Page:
In any case, that's all there is to creating an image with transparency. The next step is to save it as a PNG file. As I just noted, the Save and Save As... menu items save the complete Fireworks “project,” retaining information about the objects in the image and the steps used to create them, at a considerable cost in file size. It is generally worthwhile to save a copy that way in case further editing is needed later. But for publishing the image on the Web, it must be exported, and this is where it can be converted into a palette-based image with or without transparency--or left as a 32-bit RGBA image, but without all of the extra editing information included.
First let's consider the case of exporting the image as a full RGBA file. Here are the available options in the Export dialog box:
Fireworks 1.0 provides no option to interlace the image, so the preceding steps represent the complete list of possibilities for this case. Things get more interesting when it comes to palette-based (or indexed-color) images. Then one has the option of choosing either single-color transparency or the nicer RGBA-palette transparency, in addition to a number of other palette-related options. Here are the options for the RGBA-palette case:
Note that the effects of the current options are reflected in the preview image to the right (as in Figure 1-5), which shows a limitation in Macromedia's original implementation of RGBA-palette mode. In particular, only four levels of alpha are used, two of which are either complete transparency or complete opacity (the other two represent one-third and two-thirds transparency), which results in very noticeable banding effects in Figure 1-6.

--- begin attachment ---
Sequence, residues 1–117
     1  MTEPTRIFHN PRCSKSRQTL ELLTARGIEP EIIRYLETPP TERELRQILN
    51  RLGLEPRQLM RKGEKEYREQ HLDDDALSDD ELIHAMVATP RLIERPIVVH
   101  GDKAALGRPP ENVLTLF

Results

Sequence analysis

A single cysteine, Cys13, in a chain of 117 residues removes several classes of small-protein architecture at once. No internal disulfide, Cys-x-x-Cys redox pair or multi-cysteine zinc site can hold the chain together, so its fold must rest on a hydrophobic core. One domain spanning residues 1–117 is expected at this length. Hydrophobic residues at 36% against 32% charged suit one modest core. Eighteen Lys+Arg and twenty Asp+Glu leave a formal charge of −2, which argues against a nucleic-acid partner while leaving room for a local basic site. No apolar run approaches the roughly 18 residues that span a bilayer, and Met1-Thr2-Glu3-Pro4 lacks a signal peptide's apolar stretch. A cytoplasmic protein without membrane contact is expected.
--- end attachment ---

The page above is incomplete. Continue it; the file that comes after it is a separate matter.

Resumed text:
The four-level approach works quite well for anti-aliasing (that is, preventing “jaggies” on curved elements such as circles or text), which effectively involves a one-pixel-wide band of variable transparency lying between regions of complete transparency and complete opacity. But the previous example uses a 25-pixel-wide feathering radius, and the two partial-transparency bands both show up extremely well and have sharply defined edges even if dithering is turned on. Unfortunately, that rather defeats the purpose of alpha transparency in this case; the 32-bit version is the only alternative. Fortunately this was one of the areas that got fixed in version 2.0, and judging by one test image, the results are spectacular.
Very nearly the same procedure works if you want to save the image with single-color, GIF-like transparency; instead of picking Alpha Channel from the list of options in the Transparency pulldown box, this time pick Index Color. Doing so once will allocate a single palette entry, not used elsewhere in the image, to act as the fully transparent color. A strange feature of version 1.0 is that the Transparency pull-down will still indicate Alpha Channel the first time Index Color is chosen. Choosing it again will cause it to “stick,” but at a cost: the entry chosen for transparency, which generally seems to be the last one (usually black), may now be used in the opaque parts of the image as well as the transparent regions. It is not clear whether this is a bug or an intentional feature of some sort, but it is fully reproducible.
Figure 1-7 shows an example.
As with transparent GIFs, single-color PNG transparency requires that the image be displayed against a suitable background color--white, in our example--to look good. The opposite case, displaying against black, is shown in Figure 1-8.
I should note a few caveats about the implementation of indexed-color images and transparency in Fireworks 1.0. For example, the dither checkbox seems to have very little effect in any of the palette examples, and no effect at all on the alpha channel in RGBA images; in fact, the export “wizard” explicitly notes this and actually recommends against its use. And the palette-size pull-down seems to have been borrowed from the GIF user interface--it allows only power-of-two palette sizes (e.g., 64, 128, 256) even though PNG's palette chunk can have any number of entries from 1 to 256. The final jump is particularly abrupt; it may happen that 160 colors is the perfect trade-off between quality and image size, but such an image would have to be saved with either 128 or 256 colors.